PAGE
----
Crafting a Kickin’ Resume
Unfortunately, most of us aren’t Chuck Norris. If you are, there’s no need to continue reading since you don’t need resume tips, you give them.
Resume Tips for the Rest of Us
The resume is your first, and sometimes only chance to make a good impression on a potential employer. If you don’t wow with the resume, chances are you won’t get an interview. Here are some resume tips to give yours a black belt in awesome.
Save the File as Your Name
Don’t save the file as MyResume or Resume. When someone saves your resume to review later, it will be difficult to find if they know your name but your resume isn’t saved with your name. Also, if you have different versions of your resume for specific jobs, use the job title along with your name in the resume doc name. Including a year is also a good way to tell your resume apart from older versions on your resume. Nothing is more embarrassing or a better way to end up in the reject pile than sending a wrong resume. Oops!
Craft a professional headline and sub-headline that sums up your accomplishments right under your name. This may not be appropriate for all resumes (if you’re new from college for example) but for most resumes, it can set you apart from the group.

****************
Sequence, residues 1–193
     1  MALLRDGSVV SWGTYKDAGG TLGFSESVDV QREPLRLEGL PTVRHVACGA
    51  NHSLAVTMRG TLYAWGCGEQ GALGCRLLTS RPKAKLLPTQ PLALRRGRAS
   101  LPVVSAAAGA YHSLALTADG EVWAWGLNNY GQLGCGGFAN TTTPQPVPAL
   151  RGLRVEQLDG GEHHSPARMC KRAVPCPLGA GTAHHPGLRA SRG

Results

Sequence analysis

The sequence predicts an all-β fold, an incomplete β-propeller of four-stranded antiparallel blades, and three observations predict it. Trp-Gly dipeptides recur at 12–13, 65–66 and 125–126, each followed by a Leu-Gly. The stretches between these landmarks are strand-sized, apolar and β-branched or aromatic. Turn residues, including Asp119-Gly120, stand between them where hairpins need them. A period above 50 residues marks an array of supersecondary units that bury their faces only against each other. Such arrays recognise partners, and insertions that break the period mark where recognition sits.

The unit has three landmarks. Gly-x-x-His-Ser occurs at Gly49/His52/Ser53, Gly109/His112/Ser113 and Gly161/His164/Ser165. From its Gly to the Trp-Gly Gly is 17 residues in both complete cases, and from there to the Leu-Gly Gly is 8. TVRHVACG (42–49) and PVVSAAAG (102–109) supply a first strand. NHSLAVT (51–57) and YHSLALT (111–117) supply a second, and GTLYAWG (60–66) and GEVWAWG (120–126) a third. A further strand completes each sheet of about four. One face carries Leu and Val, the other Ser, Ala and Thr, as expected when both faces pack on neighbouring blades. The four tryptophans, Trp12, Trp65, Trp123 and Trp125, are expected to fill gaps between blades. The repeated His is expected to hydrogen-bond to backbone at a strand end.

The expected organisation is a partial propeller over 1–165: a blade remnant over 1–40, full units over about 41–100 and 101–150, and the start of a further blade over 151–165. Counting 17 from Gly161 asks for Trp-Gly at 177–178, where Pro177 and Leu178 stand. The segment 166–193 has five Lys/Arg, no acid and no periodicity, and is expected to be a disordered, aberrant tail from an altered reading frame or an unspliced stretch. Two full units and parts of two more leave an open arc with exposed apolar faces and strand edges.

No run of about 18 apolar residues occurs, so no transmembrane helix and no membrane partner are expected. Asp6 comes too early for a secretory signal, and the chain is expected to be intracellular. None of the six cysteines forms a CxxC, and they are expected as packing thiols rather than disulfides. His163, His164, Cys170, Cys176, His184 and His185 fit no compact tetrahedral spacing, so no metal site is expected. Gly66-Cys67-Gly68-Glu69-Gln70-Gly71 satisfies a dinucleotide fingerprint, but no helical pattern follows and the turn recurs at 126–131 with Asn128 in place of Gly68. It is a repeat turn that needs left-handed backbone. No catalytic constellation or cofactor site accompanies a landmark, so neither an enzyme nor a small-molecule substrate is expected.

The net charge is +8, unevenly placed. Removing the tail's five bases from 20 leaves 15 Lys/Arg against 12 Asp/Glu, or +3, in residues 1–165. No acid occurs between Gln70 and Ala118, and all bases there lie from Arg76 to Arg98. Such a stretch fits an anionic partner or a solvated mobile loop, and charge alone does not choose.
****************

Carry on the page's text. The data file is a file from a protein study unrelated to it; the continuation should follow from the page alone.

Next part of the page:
Martial Artist Guru and Actor
Keeping the world safe, one roundhouse kick at a time.
Ditch the Objective
Unless you craft a different objective for every job you apply for, chances are your objective won’t line up with the job you’re applying for. Instead, include a section in your Professional Profile Summary with 3-5 specific accomplishments in your field.
Actor: Known for roles in The Wrecking Crew, Code of Silence, The Delta Forceand Walker, Texas Ranger.
Martial Artist: Inducted into the Martial Arts History Museum’s Hall of Fame in 1999 for achievements in the sport.
Visionary: Creator of the martial art Chun Kuk Do which includes various elements from a wide range of combat styles and a personal code of conduct.
Remove the Photo
Although I’ve seen a trend to including a profile picture on resumes for those in creative fields (graphic designer, web designer, artist, author) which is fine, it’s not a great idea to include a photo on every resume, especially if, well, the photo isn’t really professional (I’ve seen several Borat lookalikes). You could actually reduce your chance of getting an interview. If you want people to see what you look like, include a link to your LinkedIn profile.
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